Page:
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DOE Offers $59 Million in Loan Guarantees for Wind Power, Energy Storage
The two-bladed design of Nordic's wind turbine allows it to be assembled on the ground and lifted in one piece. Most large wind turbines require the turbine housing, or nacelle, to be installed on the tower separately. Enlarge this photo.
DOE offered $59 million in conditional loan guarantees on July 2 to Nordic Windpower USA, Inc. and Beacon Power Corporation. Nordic Windpower has been offered $16 million to support the expansion of its assembly plant in Pocatello, Idaho, to produce its 1-megawatt N1000 wind turbine. Beacon Power, an energy storage company, has been offered $43 million to support the construction of a 20-megawatt, flywheel-based energy storage plant in Stephentown, New York, that will help ensure the reliable delivery of renewable energy to the electricity grid.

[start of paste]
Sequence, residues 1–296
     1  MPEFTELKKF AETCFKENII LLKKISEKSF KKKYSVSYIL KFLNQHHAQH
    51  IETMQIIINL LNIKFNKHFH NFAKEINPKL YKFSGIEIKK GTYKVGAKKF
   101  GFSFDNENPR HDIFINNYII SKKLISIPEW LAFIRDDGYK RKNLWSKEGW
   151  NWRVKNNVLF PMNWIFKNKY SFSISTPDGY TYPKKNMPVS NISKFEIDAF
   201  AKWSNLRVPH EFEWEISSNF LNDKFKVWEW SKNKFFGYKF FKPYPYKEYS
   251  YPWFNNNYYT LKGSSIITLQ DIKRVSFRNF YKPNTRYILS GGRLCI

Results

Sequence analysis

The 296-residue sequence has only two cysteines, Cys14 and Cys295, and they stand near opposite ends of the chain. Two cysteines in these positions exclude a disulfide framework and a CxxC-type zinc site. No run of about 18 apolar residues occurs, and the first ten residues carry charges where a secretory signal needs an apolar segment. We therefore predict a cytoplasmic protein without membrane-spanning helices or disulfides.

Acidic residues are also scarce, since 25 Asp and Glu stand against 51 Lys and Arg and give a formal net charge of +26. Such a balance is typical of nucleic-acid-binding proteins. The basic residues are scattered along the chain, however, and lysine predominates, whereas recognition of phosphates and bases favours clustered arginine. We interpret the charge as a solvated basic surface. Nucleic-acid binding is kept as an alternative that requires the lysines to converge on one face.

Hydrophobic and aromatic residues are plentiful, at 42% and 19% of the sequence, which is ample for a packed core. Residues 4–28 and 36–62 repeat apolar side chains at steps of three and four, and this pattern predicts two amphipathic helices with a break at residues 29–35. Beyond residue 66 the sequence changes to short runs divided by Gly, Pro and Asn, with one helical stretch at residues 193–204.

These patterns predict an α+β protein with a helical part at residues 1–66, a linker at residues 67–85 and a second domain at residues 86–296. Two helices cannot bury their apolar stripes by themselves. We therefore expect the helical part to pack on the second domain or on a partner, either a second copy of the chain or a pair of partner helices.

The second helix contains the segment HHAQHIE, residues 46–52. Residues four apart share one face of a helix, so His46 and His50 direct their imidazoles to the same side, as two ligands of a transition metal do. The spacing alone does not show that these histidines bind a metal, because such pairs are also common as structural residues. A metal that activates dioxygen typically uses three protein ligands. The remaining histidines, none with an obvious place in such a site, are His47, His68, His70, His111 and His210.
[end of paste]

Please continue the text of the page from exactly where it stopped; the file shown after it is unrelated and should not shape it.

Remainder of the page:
Nordic Windpower's N1000 wind turbine employs two blades and a patented teeter-hub technology that dampens loads, resulting in a lightweight turbine that is at least 10% less costly to manufacture, install, operate, and maintain than competing systems. The wind turbine blades can flex at the hub, partially dissipating the loads from turbulent winds before they reach the drivetrain. This makes Nordic's turbines more reliable than more rigid designs, while enabling the turbines to achieve structural integrity at a lower cost. The teeter-hub design also makes it possible to deploy two blades, rather than three. This reduces installation cost, because the blades can be attached to the hub and nacelle on the ground and lifted into place with a single crane operation. See the DOE press release and the Nordic Windpower Web site.